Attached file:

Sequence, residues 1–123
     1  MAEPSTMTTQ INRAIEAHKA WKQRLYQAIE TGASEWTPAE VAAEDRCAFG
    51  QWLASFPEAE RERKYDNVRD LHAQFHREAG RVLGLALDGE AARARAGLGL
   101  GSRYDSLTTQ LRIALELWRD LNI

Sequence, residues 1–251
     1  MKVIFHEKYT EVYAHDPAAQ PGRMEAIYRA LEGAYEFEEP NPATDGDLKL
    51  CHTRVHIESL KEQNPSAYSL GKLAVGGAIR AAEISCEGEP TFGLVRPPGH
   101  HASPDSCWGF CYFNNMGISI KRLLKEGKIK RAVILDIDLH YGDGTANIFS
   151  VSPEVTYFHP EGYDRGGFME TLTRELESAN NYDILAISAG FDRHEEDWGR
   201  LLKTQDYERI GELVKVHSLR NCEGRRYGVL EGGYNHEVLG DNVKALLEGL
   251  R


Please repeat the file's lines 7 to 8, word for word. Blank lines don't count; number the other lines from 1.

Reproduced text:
    51  CHTRVHIESL KEQNPSAYSL GKLAVGGAIR AAEISCEGEP TFGLVRPPGH
   101  HASPDSCWGF CYFNNMGISI KRLLKEGKIK RAVILDIDLH YGDGTANIFS